Mark Twain was born on the day of the appearance of Halley's Comet in 1835, and died on the day of its next appearance in 1910. He himself predicted this in 1909, when he said: "I came in with Halley's Comet in 1835. It is coming again next year, and I expect to go out with it."
In the 1920s, three Englishman were traveling separately by train through Peru. At the time of their introduction, they were the only three men in the railroad car. Their introductions were more surprising than they could have imagined. One man's last name was Bingham, and the second man's last name was Powell. The third man announced that his last name was Bingham-Powell. None were related in any way. (Source: Mysteries of the Unexplained)
In 1975, while riding a moped in Bermuda, a man was accidentally struck and killed by a taxi. One year later, this man's bother was killed in the very same way. In fact, he was riding the very same moped. And to stretch the odds even further, he was struck by the very same taxi driven by the same driver - and even carrying the very same passenger! (Source: Phenomena: A Book of Wonders, John Michell and Robert J. M. Rickard)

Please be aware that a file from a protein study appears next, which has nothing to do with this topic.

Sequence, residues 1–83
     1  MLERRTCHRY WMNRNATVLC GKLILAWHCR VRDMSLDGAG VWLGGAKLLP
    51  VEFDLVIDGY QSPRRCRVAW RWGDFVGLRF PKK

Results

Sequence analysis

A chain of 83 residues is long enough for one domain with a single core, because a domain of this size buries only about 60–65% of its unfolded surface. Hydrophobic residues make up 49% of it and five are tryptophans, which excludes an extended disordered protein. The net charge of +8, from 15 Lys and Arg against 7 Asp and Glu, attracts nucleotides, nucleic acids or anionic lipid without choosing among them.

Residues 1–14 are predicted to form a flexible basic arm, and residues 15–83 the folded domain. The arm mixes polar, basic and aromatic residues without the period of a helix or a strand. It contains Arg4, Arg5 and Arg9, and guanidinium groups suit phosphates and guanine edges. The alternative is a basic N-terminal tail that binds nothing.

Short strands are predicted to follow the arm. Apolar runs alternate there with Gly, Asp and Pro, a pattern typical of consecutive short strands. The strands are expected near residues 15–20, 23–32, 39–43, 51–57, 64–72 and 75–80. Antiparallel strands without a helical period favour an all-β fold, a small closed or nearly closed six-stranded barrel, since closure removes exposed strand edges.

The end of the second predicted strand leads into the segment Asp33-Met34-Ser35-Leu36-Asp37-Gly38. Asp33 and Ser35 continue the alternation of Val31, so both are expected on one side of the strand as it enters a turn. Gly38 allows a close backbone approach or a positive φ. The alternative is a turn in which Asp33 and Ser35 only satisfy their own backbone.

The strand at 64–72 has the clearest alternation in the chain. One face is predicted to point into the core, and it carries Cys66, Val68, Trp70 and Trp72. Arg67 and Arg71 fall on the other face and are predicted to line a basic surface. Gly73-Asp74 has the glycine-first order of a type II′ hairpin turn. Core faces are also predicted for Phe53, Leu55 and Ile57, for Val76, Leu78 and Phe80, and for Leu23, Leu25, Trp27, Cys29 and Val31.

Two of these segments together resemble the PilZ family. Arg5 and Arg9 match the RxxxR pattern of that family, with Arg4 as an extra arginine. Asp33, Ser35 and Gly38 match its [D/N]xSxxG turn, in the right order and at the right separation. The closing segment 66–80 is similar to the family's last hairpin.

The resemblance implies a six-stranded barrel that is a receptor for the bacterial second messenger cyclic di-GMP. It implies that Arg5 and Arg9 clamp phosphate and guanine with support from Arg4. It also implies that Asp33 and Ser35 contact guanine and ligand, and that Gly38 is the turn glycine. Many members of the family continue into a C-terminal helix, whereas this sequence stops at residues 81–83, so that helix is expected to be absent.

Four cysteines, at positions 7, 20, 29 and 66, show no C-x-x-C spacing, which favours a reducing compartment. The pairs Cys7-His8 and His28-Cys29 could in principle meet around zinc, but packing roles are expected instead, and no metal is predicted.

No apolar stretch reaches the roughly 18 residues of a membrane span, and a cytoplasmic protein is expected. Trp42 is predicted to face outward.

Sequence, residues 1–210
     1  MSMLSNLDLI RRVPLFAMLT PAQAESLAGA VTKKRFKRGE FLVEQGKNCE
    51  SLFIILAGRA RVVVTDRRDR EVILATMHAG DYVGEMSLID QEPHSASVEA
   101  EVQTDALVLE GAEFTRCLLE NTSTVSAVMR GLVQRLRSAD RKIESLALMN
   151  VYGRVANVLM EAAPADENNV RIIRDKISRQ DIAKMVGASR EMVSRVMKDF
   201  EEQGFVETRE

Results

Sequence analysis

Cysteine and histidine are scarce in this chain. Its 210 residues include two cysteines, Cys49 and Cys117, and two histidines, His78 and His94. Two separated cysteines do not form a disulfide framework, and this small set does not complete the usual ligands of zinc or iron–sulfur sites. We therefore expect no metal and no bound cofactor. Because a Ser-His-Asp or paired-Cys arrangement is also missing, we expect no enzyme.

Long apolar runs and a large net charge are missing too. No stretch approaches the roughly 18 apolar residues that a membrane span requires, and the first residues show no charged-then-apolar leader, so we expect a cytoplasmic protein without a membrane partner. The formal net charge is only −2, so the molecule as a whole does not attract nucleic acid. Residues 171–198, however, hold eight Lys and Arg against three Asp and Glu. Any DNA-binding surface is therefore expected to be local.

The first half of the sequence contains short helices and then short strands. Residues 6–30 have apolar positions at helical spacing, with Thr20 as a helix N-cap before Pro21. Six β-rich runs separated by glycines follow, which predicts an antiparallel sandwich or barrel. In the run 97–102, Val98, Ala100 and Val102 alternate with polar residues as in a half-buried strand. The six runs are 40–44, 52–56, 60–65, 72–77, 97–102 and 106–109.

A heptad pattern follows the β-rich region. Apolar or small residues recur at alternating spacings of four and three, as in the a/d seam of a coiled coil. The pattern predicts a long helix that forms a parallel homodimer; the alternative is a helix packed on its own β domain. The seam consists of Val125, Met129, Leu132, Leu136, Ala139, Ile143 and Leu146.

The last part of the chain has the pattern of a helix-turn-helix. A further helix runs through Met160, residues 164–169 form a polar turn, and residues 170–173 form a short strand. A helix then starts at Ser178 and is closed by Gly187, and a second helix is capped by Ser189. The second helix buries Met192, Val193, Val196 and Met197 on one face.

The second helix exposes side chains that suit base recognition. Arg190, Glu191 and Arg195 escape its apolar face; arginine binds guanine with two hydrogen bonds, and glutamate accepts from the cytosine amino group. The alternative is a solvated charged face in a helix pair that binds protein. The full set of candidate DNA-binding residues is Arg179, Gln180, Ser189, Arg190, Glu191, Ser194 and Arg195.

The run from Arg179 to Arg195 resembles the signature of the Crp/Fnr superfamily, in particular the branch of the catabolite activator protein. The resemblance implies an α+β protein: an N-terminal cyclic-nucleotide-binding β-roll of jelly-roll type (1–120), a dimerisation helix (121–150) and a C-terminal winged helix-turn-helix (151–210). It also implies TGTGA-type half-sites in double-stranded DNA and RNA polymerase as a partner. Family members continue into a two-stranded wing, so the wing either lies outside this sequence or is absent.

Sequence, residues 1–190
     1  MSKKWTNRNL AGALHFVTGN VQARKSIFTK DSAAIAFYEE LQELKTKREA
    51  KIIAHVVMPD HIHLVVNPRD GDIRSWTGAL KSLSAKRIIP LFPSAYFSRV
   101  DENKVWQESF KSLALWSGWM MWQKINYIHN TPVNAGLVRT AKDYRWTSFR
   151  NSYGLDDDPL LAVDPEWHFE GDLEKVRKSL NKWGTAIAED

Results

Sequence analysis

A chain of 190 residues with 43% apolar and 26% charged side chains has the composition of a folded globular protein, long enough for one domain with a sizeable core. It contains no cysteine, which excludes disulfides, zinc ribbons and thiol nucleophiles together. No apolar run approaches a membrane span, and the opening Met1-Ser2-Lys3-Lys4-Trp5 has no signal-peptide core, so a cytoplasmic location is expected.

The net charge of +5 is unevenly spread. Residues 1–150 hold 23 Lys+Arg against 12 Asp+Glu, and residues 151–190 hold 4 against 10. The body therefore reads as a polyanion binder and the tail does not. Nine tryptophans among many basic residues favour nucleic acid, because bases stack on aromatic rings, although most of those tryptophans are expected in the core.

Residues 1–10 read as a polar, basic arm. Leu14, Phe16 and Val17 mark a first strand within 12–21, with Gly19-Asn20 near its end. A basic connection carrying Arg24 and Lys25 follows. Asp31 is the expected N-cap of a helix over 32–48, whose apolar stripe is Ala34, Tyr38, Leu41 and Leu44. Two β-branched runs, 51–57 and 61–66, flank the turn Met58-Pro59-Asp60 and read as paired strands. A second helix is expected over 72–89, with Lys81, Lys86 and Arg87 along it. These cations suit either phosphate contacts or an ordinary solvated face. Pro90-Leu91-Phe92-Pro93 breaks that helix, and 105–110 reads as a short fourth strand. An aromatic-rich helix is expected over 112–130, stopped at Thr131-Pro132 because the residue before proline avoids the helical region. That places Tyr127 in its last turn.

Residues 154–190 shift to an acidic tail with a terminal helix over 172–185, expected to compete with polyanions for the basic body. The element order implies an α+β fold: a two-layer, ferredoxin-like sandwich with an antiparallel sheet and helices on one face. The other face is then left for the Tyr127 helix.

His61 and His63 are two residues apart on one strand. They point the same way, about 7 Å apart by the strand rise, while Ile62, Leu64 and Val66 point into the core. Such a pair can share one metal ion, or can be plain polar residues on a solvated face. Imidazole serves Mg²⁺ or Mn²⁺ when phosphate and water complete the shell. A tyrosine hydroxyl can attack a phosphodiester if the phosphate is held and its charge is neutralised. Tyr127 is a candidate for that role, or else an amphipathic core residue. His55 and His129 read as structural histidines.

In 1953, television reporter Irv Kupcinet was in London to cover the coronation of Ellizabeth II. In one of the drawers in his room at the Savoy he found found some items that, by their identification, belonged to a man named Harry Hannin. Coincidentally, Harry Hannin - a basketball star with the famed Harlem Globetrotters - was a good friend of Kupcinet's. But the story has yet another twist. Just two days later, and before he could tell Hannin of his lucky discovery, Kupcinet received a letter from Hannin. In the letter, Hannin told Kucinet that while staying at the Hotel Meurice in Paris, he found in a drawer a tie - with Kupcinet's name on it! (Source: Mysteries of the Unexplained)